At a given PO2, haemoglobin will release additional oxygen if the pH decreases or the temperature increases.

Section 7

Question Answer
Control of respiration- under normal conditions– Cellular rates of O2 absorption and CO2
production at cells = O2 absorption and CO2 excretion at lungs.
Control of respiration when normality is removed– CVS and respiratory systems must adjust
Local control of respiration at tissuesincrease activity of peripheral tissue
– decrease Po2 & increase Pco2
– Changes in gas exchange
– Increased blood flow
Control centres of brain- voluntary– Reflects activity in
the cerebral cortex
– Affects output of
respiratory centres &
motor neurons
control centres of brain- involuntary– Medulla oblongata &
– Respiratory muscles
– Frequency & depth
– Responding to info
from lungs and
respiratory tract +

Section 8

Question Answer
Respiratory centres• 3 pairs of nuclei in the reticular formation of medulla oblongata and pons
where are the respiratory centres locatedbrain stem
respiratory centres: medulla oblongata: structure/formationApneustic Centres &
Pneumotaxic Centres
•Adjust rate and depth in response to sensory stimuli, emotions or speech
respiratory centres: pons: structure/formationApneustic Centres &
Pneumotaxic Centres
•Adjust rate and depth in
response to sensory stimuli,
emotions or speech
higher centres- brain pathwayCerebral cortex
Limbic system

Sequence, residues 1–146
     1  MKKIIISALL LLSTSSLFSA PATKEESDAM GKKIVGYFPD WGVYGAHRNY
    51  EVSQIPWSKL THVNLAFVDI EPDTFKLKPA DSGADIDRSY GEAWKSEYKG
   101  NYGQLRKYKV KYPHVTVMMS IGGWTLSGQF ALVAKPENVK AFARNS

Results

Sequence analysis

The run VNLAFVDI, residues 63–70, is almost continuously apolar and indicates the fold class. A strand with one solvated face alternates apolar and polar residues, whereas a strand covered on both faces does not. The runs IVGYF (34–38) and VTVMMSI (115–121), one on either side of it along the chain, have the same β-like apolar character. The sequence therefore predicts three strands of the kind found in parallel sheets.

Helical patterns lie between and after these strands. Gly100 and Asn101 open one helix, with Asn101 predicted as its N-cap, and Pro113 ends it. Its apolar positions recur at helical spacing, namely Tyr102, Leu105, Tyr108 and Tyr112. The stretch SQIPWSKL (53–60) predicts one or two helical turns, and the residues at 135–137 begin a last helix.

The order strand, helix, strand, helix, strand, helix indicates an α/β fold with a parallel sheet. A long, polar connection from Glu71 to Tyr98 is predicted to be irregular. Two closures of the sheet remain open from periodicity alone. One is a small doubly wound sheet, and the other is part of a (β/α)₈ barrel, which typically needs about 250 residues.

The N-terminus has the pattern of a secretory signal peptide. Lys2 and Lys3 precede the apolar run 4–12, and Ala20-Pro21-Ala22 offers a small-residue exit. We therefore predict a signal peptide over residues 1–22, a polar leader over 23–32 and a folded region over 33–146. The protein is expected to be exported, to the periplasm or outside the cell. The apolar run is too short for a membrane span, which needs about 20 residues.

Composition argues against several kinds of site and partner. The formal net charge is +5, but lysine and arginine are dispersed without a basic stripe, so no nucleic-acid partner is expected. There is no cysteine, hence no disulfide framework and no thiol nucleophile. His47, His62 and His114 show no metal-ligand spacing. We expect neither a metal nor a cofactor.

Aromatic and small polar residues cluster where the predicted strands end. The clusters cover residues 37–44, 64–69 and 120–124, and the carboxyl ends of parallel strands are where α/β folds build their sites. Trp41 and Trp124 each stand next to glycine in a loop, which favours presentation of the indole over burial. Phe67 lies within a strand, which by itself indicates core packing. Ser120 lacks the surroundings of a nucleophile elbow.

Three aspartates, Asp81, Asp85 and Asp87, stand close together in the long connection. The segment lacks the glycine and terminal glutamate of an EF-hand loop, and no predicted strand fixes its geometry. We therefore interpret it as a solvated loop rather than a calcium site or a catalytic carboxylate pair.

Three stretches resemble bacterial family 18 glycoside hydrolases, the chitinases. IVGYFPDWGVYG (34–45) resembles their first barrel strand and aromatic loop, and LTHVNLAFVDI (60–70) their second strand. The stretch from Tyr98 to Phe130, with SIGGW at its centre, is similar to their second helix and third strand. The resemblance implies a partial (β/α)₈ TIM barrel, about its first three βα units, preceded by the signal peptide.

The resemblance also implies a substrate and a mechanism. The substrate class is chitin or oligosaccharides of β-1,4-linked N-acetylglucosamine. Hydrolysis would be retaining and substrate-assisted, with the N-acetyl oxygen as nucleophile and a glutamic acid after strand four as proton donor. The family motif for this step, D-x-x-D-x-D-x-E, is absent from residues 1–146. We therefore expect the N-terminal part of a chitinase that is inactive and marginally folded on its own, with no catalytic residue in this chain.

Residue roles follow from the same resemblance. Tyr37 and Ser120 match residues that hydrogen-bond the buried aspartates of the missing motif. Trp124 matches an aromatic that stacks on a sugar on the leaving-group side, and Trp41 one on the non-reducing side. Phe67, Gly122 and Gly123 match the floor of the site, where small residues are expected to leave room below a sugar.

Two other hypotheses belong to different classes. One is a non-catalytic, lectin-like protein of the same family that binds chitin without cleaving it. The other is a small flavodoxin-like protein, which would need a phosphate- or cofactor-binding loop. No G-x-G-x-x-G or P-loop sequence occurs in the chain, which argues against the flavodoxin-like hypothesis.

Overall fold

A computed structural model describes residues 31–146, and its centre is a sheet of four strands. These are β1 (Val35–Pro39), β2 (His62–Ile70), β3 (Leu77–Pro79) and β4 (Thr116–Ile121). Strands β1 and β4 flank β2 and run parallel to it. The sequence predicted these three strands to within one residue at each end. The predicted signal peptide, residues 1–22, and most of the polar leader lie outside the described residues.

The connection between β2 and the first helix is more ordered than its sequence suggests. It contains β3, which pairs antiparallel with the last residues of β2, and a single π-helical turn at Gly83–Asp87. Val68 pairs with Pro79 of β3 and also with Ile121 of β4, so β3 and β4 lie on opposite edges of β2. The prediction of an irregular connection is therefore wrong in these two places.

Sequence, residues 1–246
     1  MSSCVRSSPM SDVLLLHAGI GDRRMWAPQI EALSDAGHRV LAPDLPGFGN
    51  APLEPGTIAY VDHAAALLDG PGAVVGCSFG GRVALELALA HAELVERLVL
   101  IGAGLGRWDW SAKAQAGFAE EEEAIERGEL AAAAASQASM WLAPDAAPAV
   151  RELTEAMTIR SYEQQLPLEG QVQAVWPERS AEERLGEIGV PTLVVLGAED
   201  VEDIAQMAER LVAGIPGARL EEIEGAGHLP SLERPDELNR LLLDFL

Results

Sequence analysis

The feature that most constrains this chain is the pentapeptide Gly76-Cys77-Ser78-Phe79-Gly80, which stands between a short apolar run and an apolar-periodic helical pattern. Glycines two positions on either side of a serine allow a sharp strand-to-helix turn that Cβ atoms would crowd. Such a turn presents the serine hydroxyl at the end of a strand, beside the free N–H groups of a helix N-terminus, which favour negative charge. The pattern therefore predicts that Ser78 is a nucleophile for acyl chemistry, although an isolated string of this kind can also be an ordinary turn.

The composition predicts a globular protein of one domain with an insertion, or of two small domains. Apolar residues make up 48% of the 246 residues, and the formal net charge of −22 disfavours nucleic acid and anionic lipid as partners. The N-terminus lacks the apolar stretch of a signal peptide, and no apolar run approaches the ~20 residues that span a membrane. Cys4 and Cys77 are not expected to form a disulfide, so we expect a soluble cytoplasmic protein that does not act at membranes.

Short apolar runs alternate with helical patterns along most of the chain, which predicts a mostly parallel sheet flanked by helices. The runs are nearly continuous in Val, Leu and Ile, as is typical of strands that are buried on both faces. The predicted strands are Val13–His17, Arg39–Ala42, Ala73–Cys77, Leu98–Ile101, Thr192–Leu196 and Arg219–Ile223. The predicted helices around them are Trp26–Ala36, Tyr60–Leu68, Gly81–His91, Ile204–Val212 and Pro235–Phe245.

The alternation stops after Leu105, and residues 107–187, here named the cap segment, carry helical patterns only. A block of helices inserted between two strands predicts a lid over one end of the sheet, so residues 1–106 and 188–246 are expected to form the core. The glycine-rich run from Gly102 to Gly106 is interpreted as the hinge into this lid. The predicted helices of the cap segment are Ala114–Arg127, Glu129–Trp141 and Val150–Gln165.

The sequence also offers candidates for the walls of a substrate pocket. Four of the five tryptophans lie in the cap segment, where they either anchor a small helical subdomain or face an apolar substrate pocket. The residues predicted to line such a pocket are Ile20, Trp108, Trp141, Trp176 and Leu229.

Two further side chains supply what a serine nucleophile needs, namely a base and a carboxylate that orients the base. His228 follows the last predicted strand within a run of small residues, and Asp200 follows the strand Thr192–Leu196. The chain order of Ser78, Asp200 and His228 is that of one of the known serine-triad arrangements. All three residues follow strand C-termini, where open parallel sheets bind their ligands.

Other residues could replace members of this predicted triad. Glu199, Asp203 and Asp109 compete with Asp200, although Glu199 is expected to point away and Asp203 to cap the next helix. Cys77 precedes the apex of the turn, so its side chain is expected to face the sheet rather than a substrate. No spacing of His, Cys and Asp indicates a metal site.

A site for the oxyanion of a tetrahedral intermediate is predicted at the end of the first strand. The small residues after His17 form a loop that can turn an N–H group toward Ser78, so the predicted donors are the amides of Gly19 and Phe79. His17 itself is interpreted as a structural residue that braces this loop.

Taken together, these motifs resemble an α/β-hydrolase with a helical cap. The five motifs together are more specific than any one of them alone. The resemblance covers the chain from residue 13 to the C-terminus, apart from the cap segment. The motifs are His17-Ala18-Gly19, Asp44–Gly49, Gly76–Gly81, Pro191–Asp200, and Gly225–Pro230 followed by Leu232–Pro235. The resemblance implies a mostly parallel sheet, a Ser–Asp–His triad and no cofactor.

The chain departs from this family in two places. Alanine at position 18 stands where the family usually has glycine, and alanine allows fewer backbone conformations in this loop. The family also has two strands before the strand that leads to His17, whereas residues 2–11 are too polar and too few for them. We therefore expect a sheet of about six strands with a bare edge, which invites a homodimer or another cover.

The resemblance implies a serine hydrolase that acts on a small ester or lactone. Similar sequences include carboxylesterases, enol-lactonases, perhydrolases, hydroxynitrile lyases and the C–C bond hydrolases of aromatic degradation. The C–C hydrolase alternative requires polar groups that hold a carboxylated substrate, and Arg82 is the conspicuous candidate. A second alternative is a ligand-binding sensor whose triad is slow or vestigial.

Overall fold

Section 9

Question Answer
quiet breathing pathwayinhalation (2secs)
Exhalation (3 secs)
Dorsal respiratory group active > inspiratory muscles contract > inspiration occurs > Dorsal respiratory group inhibited > inspiratory muscles relax > Passive expiration occurs.
forced breathing pathwayDRG and inspiratory center of VRG active.
Expiratory center of VRG inhibited. > Inspiratory muscles contract. Expiratory muscles relax. > Inspiration occurs > DRG and inspiratory center of VRG inhibited. Expiratory center of VRG active. >
Inspiratory muscles relax, expiratory muscles contract. > Active expiration occurs.
types of mechanoreceptorsMachanoreceptros and stretch receptors
baroreceptorsin aortic or carotic sinuses:
• sensitive to changes in blood pressure
stretch receptorsRespond to changes in lung volume

Section 10

Question Answer
Aortic sinusbaroreceptor
Chemoreceptors• Chemoreceptors are sensitive to:
– Pco2, Po2, or pH
– of blood or cerebrospinal fluid (CSF)
• Irritating physical or chemical stimuli:
– in nasal cavity, larynx, or bronchial tree
• Other sensations including:
– pain
– changes in body temperature
– abnormal visceral sensations
Hering-breuer reflexes: inflation reflex• prevents overexpansion of lungs
Hering-breuer reflexes: deflation reflex• inhibits expiratory centers
• stimulates inspiratory centres during lung
Chemoreceptor reflexes• Respiratory centers are strongly influenced by chemoreceptor input from:
– cranial nerve IX (glossopharyngeal nerve)
– cranial nerve X (vagus nerve)
– receptors that monitor cerebrospinal fluid
Chemoreceptor stimulationA drop in Po2
to around 40 mmHg
increases respiratory rate by 50 – 70%.
• A rise of 10% in arterial Pco2 will
increase respiratory rate by 100%.
• Chemoreceptor stimulation is subject to
– decreased sensitivity due to chronic
• Increases in lactic acid affect

Section 11

Question Answer
key notes

Section 12

Question Answer
Respiratory changes at birth: before birth– pulmonary vessels are collapsed
– lungs contain no air
Respiratory change at birth: at birthnewborn overcomes force of surface
tension to inflate bronchial tree and
alveoli and take first breath
yayu got this

Section 13